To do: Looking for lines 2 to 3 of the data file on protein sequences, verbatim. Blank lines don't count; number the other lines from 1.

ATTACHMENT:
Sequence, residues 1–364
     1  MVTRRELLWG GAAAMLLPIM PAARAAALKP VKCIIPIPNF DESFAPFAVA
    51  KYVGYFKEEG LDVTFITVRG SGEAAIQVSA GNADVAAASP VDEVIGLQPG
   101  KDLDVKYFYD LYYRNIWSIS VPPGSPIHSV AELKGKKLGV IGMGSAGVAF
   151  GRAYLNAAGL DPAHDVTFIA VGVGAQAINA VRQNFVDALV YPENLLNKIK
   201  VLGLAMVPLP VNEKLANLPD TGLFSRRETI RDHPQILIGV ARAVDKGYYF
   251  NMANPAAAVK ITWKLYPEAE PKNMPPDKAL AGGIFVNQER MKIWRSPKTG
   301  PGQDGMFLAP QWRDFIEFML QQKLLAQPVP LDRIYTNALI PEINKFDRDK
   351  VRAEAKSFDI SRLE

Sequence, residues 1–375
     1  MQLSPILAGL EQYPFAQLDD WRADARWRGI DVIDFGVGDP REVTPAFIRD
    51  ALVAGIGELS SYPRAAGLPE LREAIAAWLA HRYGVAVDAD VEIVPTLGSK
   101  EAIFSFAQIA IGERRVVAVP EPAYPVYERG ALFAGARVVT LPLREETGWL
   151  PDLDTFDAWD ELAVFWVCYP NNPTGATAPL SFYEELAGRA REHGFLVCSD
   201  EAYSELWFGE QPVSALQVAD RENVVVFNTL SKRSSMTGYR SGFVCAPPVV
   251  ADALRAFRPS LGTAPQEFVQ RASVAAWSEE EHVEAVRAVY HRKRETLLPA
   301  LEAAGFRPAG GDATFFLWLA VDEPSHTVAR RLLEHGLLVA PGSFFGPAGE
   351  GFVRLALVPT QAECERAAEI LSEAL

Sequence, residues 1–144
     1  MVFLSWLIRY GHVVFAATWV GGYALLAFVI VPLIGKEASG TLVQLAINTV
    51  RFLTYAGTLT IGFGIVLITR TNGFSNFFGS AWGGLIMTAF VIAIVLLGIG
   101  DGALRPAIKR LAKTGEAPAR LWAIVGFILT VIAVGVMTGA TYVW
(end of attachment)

     1  MVTRRELLWG GAAAMLLPIM PAARAAALKP VKCIIPIPNF DESFAPFAVA
    51  KYVGYFKEEG LDVTFITVRG SGEAAIQVSA GNADVAAASP VDEVIGLQPG